Author(s): Johnson GK, Slach NA
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Abstract This article reviews the effects of smoked and smokeless tobacco on periodontal status, including the impact of smoking on periodontal therapy and potential mechanisms for the adverse effects of tobacco on the periodontium. Approximately half of periodontitis cases have been attributed to either current or former smoking. Both cigar and cigarette smokers have significantly greater loss of bone height than nonsmokers, and there is a trend for pipe smokers to have more bone loss than nonsmokers. Unlike smokers, who experience widespread periodontal destruction, the most prevalent effects of smokeless tobacco are localized to the site of placement, in the form of gingival recession and white mucosal lesions. Smoking has an adverse effect on all forms of periodontal therapy, and up to 90 percent of refractory periodontitis patients are smokers. The pathogenesis of smoking-related periodontal destruction has been attributed to alterations in the microflora and/or host response. Some data indicates that smoking may increase levels of certain periodontal pathogens, but there is more evidence that smoking has a negative effect on host response, such as neutrophil function and antibody production. An encouraging finding is that periodontal disease progression slows in patients who quit smoking and that these individuals have a similar response to periodontal therapy as nonsmokers. The facts presented in this paper will assist dental health professionals in treatment-planning decisions and provide them with important information to share with patients who use tobacco products.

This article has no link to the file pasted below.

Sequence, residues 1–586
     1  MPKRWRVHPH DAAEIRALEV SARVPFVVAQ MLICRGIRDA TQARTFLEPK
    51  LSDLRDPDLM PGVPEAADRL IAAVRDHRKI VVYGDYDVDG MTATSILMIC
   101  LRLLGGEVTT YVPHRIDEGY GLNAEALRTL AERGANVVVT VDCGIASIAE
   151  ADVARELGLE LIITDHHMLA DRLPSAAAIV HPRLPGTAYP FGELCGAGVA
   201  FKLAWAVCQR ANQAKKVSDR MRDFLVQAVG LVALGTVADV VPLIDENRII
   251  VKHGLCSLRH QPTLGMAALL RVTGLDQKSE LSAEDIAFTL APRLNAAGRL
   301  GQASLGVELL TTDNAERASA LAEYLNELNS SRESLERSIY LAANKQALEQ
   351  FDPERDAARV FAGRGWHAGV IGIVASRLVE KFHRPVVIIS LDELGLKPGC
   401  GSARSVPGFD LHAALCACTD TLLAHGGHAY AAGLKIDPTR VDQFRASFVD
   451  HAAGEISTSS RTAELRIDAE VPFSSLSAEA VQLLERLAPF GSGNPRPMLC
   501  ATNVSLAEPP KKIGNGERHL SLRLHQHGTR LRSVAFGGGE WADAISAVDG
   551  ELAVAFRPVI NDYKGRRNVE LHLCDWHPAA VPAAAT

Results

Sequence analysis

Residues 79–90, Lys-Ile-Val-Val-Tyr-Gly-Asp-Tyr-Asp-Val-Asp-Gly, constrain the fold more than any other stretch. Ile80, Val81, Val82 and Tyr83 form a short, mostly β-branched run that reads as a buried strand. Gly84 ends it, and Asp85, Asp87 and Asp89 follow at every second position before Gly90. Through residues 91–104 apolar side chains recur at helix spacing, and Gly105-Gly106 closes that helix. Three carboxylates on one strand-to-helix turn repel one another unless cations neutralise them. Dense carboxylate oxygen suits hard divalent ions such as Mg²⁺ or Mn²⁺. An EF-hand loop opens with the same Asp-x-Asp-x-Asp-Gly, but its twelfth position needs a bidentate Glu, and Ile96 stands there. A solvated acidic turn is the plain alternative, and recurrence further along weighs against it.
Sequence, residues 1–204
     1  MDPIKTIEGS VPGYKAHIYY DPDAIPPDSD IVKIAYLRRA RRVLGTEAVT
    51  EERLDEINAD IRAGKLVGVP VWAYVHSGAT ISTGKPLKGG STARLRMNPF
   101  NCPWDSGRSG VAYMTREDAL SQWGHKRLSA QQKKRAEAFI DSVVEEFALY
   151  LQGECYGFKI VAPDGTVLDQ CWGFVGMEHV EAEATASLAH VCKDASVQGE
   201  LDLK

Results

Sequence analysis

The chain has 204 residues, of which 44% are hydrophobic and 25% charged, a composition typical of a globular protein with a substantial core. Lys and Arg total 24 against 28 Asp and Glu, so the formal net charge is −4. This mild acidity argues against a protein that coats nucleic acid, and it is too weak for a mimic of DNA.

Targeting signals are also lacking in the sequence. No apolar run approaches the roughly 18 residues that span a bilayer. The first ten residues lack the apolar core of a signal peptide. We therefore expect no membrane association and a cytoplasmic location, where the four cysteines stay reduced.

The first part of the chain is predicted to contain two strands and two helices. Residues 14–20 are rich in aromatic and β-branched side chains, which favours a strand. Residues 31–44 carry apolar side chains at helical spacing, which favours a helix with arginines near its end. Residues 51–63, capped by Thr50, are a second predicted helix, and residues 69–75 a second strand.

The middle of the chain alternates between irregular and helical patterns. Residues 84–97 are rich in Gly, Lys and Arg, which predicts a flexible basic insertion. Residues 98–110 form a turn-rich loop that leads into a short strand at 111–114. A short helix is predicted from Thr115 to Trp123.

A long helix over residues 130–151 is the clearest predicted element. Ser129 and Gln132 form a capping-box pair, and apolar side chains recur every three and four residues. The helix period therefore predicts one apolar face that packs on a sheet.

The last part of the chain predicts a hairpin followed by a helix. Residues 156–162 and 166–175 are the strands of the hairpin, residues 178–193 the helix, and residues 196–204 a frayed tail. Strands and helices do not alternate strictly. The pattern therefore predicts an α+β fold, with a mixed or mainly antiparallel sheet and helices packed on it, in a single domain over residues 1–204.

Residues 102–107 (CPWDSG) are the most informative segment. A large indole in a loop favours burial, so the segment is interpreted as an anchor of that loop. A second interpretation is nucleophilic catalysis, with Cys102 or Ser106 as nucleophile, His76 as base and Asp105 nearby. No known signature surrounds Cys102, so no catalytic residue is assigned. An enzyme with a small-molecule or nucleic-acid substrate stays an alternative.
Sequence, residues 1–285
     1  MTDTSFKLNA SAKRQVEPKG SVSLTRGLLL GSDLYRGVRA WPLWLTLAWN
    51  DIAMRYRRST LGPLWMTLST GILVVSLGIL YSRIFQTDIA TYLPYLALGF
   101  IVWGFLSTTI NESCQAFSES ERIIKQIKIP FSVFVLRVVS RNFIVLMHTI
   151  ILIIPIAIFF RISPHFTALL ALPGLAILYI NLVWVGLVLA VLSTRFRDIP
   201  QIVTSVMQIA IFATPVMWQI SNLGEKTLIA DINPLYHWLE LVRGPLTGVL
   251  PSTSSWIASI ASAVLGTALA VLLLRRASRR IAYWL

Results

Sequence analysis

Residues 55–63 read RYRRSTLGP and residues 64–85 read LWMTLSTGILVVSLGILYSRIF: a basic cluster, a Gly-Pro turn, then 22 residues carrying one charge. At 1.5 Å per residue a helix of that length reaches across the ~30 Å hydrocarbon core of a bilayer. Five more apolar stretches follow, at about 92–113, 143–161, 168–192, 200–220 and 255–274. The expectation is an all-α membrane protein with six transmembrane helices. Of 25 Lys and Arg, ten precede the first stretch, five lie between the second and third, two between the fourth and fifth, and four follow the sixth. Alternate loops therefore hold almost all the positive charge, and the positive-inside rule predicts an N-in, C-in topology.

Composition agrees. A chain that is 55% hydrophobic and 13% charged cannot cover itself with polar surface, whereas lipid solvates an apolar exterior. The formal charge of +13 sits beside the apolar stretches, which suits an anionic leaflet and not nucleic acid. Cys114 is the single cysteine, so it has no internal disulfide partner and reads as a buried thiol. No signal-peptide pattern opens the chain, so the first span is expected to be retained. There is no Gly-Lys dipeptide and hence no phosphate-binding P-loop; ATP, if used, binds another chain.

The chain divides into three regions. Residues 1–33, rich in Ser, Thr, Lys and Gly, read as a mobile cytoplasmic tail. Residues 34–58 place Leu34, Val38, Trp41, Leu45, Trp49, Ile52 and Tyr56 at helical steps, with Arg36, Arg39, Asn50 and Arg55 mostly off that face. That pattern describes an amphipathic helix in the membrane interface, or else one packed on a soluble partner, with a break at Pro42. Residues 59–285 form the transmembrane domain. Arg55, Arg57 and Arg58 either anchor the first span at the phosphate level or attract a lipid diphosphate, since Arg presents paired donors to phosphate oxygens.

This article was published in J Dent Educ
and referenced in Journal of Antivirals & Antiretrovirals